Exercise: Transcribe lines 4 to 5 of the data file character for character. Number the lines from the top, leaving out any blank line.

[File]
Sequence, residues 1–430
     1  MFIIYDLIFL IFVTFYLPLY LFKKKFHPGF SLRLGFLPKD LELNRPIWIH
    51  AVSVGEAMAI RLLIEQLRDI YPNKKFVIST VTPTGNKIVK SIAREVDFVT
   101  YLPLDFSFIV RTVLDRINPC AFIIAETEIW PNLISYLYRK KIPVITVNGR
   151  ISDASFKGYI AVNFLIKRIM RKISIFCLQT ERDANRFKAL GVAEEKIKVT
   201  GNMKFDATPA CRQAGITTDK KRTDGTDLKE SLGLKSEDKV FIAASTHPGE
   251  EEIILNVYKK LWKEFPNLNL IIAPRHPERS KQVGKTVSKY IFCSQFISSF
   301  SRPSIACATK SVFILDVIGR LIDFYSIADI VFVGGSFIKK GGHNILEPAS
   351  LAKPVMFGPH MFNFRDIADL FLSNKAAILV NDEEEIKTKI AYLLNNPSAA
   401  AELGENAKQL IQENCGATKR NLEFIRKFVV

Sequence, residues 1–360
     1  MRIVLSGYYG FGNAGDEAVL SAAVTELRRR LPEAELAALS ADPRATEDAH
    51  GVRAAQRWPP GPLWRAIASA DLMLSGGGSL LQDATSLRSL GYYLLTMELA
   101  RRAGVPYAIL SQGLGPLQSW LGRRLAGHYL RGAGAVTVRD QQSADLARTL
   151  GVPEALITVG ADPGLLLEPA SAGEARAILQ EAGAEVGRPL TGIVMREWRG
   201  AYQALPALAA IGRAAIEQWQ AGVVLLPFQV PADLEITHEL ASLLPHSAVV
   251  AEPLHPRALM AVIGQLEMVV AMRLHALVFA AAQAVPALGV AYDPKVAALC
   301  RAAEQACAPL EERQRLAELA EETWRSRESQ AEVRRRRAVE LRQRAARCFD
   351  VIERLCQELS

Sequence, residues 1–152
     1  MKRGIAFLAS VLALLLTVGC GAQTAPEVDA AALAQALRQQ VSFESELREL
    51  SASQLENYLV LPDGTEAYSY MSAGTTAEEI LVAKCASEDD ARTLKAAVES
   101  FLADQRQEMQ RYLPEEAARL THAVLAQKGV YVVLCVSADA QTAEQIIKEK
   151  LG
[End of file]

   101  YLPLDFSFIV RTVLDRINPC AFIIAETEIW PNLISYLYRK KIPVITVNGR
   151  ISDASFKGYI AVNFLIKRIM RKISIFCLQT ERDANRFKAL GVAEEKIKVT